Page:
How To Pronounce 10 Difficult Spanish Words [With Audio!] (2023)

How To Pronounce 10 Difficult Spanish Words [With Audio!] (1)

November 6, 2022 by Luis F. Dominguez Spanish Vocabulary 0 comments

There are some difficult Spanish words that are hard to pronounce for a new learner of the language. However, all you need to do is to learn a few tricks to deal with each of them and master their pronunciation.

Keep reading to learn why it’s so important to have a good Spanish pronunciation, which words are the 10 hardest to pronounce in Spanish, and some ways to solve the pronunciation issues with online resources included.

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How To Pronounce 10 Difficult Spanish Words [With Audio!] (2)

The Importance of Good Spanish Pronunciation

Learning a new language implies much more than just learning the vocabulary and grammar rules, it requires developing a series of skills that usually are divided in four main areas:

  • Speaking
  • Listening
  • Reading
  • Writing

Each area has its own importance and presents a wide array of challenges. Learning how to pronounce Spanish words is one of the main speaking skills. Because you can speak Spanish, but if you want to speak it the right way, you need to focus on perfecting your pronunciation.

In order to achieve that, learning how to pronounce difficult Spanish words can help you a lot.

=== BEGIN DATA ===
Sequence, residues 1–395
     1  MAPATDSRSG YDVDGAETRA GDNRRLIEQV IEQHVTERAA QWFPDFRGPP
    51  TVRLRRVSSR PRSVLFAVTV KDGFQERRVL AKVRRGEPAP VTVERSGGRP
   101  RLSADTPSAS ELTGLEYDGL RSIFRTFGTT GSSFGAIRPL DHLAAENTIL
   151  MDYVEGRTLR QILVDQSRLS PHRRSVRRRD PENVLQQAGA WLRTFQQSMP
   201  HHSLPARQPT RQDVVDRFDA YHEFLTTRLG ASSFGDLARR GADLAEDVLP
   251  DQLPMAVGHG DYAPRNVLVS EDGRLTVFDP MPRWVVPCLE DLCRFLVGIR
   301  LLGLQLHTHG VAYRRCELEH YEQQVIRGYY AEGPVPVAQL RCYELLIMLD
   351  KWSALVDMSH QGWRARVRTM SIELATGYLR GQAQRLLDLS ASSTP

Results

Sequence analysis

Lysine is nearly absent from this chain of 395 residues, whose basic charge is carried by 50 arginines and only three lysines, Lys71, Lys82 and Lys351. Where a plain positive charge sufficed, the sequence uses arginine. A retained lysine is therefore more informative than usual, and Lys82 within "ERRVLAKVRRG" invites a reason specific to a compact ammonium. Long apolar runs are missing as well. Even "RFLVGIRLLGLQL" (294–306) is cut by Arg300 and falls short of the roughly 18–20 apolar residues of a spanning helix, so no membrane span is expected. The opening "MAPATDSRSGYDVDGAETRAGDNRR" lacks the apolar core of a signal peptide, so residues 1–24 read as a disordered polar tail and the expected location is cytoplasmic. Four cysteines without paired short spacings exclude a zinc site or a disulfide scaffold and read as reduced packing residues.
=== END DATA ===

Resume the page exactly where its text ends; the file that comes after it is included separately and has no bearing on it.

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How To Pronounce 10 of the Most Difficult Spanish Words

The following is a list of difficult Spanish words for English speakers that I’ve put together thinking of the hardest sounds to pronounce in the Spanish language.

1. Ferrocarril

Among hard Spanish words, ferrocarril or “railway” has a special place. So much so that Spanish-speaking people use it to teach little children how to pronounce the hard r sound of the rr. I’ve actually written a specific post just about this sound and that of the soft r.

If you want to master the pronunciation of difficult Spanish words with r and rr, my recommendation is to learn and repeat this tongue twister:

Erre con erre cigarro
Erre con erre barril
Erre con erre
Ruedan las ruedas
Del ferrocarril.

How To Pronounce 10 Difficult Spanish Words [With Audio!] (5)

2. Espantapájaros

Espantapájaros or “scarecrow” is one of those difficult Spanish words to pronounce where the difficulty comes from the repeated consonants and the unusually high number of vowels with different accentuation.

In this case, learning about the sounds of the 5 Spanish vowels help pronounce Spanish words. Another good tip is to take it slowly and go syllable by syllable first, as in es – pan – ta – pá – ja – ros. Once you get each syllable right, then just try to say the whole word faster.

3. Agujero

Agujero or “hole” is among these 10 difficult Spanish words due to its mix of the g and j sounds. In Spanish, the j is a funny letter and one of the most difficult sounds to pronounce for English speakers.

I always say to my students that it sounds like the English “h” in words such as “heat” or “hot,” but with an exaggerated pronunciation, almost like if you were about to spit. Not the nicer image, I know, but one that my students never forget.

4. Aeropuerto

I like to call aeropuerto or “airport,” “the ultimate Spanish vowel word” because it has so many of them and serves as a pronunciation lab for new learners of the language.